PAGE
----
EMI faces the music in struggle for profitability
NEW YORK – EMI will ax 1,800 staffers worldwide — nearly 20% of its work force — has cast off a quarter of its 1,600 artists, and will take more than $340 million in charges in an aggressive bid to return the stumbling British music group to fighting form.
The drastic cost-cutting actions, announced last Wednesday by EMI Recorded Music chief Alain Levy at a conference for investors in London, are the culmination of a worldwide evaluation of EMI’s operations initiated when he took over the company six months ago.
Levy said half of the 1,800 job cuts have already happened or will happen by the end of the month, while the other half will be completed by the end of September. Roughly 400 of the layoffs will come from the U.S. operation, where EMI has languished in last place among the five majors and its key labels, Capitol and Virgin, have struggled to generate new hits for the better part of a decade.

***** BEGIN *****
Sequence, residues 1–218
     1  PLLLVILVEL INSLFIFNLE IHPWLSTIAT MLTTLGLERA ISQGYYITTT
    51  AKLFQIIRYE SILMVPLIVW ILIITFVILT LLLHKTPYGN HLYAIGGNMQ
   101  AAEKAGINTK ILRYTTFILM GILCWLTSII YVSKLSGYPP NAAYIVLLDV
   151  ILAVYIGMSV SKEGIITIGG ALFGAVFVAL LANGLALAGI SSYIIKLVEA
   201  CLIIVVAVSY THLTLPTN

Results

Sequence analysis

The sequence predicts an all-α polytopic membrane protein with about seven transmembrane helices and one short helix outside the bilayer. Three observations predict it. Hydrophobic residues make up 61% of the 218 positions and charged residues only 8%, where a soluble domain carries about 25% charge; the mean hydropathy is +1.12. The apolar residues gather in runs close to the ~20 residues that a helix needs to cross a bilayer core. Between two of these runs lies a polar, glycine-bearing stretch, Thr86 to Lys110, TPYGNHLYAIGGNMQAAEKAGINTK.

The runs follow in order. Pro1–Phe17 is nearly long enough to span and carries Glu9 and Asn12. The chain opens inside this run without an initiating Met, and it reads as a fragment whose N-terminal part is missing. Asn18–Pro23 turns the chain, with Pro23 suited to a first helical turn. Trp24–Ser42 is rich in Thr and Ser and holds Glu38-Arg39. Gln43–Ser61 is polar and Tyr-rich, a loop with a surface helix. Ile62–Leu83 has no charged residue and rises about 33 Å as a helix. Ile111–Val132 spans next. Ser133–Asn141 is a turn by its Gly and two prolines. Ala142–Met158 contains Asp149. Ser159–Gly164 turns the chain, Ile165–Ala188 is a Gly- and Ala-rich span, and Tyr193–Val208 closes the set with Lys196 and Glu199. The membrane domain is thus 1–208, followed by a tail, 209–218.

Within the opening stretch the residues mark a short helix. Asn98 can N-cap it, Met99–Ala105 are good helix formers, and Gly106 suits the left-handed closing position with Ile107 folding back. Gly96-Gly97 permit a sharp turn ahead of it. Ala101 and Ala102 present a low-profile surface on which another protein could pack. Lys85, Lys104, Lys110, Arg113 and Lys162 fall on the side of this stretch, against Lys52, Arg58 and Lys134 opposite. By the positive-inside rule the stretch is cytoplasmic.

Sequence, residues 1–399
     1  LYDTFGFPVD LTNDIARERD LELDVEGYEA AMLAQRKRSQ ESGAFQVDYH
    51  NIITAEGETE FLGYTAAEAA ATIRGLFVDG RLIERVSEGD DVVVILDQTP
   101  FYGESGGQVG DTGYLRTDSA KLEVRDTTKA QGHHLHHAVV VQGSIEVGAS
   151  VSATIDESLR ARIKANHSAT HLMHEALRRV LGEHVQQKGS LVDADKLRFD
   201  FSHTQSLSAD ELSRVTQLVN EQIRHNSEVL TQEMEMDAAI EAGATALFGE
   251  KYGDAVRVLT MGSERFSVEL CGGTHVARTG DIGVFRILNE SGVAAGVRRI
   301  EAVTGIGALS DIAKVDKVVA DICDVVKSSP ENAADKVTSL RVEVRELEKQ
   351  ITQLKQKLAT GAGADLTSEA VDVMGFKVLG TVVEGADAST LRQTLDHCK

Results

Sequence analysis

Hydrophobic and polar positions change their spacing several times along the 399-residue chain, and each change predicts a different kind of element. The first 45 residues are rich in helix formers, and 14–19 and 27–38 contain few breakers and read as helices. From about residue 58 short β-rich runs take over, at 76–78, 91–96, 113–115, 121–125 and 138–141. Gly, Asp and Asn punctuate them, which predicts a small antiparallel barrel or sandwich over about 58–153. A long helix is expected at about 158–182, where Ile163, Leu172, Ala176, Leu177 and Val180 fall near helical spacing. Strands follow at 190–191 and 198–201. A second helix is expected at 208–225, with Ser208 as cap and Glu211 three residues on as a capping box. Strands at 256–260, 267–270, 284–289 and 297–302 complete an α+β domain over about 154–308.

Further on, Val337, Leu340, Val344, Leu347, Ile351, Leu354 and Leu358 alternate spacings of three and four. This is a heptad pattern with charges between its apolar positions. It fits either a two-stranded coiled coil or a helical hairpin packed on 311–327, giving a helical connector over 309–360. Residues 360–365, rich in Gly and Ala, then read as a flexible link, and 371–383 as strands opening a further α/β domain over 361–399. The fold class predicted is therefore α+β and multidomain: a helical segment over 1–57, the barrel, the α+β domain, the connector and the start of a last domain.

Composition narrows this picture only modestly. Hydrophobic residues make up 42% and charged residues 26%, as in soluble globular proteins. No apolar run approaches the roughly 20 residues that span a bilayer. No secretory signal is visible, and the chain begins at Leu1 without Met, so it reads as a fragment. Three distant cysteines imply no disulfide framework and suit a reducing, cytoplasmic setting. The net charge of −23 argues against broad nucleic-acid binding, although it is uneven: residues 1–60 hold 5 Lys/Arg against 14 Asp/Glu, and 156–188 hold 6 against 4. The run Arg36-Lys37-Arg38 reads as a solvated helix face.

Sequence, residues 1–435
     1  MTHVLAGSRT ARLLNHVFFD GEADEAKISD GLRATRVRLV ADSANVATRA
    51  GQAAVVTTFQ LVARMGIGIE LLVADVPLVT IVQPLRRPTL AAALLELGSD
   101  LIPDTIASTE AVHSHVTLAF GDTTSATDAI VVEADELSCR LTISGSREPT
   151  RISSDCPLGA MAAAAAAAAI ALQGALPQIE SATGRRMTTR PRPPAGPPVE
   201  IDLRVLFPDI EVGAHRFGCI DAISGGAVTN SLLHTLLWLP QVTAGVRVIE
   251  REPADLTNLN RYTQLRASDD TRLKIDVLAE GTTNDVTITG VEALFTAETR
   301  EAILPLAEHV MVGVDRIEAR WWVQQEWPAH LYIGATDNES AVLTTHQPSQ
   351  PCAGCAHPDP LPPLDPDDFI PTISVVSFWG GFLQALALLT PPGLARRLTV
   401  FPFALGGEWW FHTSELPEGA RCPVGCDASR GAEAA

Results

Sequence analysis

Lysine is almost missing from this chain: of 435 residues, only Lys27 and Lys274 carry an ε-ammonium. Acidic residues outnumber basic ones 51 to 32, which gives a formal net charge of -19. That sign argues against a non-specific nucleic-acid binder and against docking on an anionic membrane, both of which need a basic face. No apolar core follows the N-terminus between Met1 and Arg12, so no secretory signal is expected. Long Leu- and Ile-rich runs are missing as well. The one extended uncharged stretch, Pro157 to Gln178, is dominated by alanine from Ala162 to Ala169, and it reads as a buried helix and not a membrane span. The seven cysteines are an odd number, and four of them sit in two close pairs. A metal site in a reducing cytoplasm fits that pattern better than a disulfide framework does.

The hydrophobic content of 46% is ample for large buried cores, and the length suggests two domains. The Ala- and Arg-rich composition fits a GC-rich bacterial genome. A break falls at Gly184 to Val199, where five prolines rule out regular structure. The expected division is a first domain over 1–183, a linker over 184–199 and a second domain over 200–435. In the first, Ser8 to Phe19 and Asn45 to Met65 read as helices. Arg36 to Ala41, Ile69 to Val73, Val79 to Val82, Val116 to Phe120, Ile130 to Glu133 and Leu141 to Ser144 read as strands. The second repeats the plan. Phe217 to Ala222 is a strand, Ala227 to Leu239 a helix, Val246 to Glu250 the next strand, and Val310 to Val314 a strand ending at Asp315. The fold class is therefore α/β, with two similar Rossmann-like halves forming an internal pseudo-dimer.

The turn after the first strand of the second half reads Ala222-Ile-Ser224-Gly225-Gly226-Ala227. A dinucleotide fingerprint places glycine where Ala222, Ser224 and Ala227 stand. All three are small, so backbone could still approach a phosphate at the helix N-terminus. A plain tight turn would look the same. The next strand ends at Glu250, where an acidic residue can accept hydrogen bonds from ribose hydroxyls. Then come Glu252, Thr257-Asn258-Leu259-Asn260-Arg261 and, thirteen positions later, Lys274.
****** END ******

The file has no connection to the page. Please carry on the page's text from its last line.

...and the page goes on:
Levy said almost half the planned $140 million in annual cost savings will come from the North America region because salaries and operating overhead are far higher here than in other territories.
“This is not just a cost-cutting exercise,” Levy said at the conference, also attended by chairman Eric Nicoli and EMI division chiefs from around the globe. “This is reshaping EMI for the future and positioning it for growth with a much lower cost base.”
— This article by Justin Oppelaar and Erich Boehm.
Technical errors may occur.